Sierra Leone Travel Health Advice
Sierra Leone is one of three countries that has been at the heart of the Ebola outbreak in previous years, causing serious alarm in West Africa. The WHO officially declared Sierra Leone Ebola transmission free on 17 March 2016, and the FCO no longer advise against all but essential travel to Sierra Leone. However, travellers are advised to familiarise themselves with the disease and current health and travel advice for the country before travelling to Sierra Leone. Some travel restrictions may be in place due to the Ebola outbreak.
Health policies require that all travellers arriving from a yellow fever area have a vaccination certificate, but yellow fever is a risk throughout the country and immunisation is recommended for all visitors. Other recommended vaccinations include Hepatitis A, typhoid, rabies, and polio. Malaria and dengue fever are high risks and precautions against mosquito bites are advised, as well as prophylaxis for malaria, which occurs throughout the year.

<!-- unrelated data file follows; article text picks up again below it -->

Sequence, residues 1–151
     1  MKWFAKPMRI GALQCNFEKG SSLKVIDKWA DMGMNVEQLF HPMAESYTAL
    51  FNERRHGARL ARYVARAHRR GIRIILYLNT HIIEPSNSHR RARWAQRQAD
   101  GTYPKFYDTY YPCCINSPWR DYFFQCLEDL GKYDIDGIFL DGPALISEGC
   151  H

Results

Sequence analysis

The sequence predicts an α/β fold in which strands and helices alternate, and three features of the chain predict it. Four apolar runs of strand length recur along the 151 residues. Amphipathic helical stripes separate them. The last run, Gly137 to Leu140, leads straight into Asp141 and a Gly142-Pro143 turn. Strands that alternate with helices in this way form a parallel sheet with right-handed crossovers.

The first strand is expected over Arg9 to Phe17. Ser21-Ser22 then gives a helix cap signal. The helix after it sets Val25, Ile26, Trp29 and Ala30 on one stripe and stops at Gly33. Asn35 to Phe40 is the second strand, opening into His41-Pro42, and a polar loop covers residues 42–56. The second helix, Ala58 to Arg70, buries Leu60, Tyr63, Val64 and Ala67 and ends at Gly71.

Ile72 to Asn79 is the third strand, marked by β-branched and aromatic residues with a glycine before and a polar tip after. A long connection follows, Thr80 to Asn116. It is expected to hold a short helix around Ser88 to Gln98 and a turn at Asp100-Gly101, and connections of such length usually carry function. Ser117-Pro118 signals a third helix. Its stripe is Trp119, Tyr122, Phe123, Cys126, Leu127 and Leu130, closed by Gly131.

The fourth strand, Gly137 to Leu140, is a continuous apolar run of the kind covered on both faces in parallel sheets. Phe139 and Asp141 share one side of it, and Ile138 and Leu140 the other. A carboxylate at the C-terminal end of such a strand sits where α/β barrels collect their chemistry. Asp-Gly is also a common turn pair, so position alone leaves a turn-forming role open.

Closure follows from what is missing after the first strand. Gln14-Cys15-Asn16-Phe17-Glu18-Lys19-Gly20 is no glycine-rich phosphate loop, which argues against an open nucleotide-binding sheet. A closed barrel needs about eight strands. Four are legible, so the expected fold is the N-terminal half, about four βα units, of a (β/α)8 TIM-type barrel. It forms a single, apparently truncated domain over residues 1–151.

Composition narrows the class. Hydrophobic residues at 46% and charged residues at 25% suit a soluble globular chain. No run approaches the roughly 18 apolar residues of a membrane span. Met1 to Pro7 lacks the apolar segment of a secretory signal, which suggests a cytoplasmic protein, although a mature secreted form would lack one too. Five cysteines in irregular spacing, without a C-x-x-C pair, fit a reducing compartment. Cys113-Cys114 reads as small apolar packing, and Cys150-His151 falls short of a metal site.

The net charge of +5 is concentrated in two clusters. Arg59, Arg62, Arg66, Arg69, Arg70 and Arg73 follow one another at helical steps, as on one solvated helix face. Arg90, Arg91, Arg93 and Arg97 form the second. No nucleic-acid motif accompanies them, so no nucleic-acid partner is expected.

Outbreaks of Lassa fever is endemic in the east. HIV/AIDS is prevalent. Diarrhoea and dysentery are common complaints and water should be treated before drinking. Cholera is also a concern. Travellers should bring adequate supplies of personal medication to the country, as supplies are often not available in pharmacies. Medical care is limited in Freetown and almost non-existent elsewhere. An emergency hospital is located near Freetown, but the bad road makes it difficult to get there; there is no ambulance service in the country. Comprehensive travel insurance is advised, which includes emergency evacuation.
View information on diseases:
Become our Sierra Leone Travel Expert
We are looking for contributors for our Sierra Leone travel guide. If you are a local, a regular traveller to Sierra Leone or a travel professional with time to contribute and answer occasional forum questions, please contact us.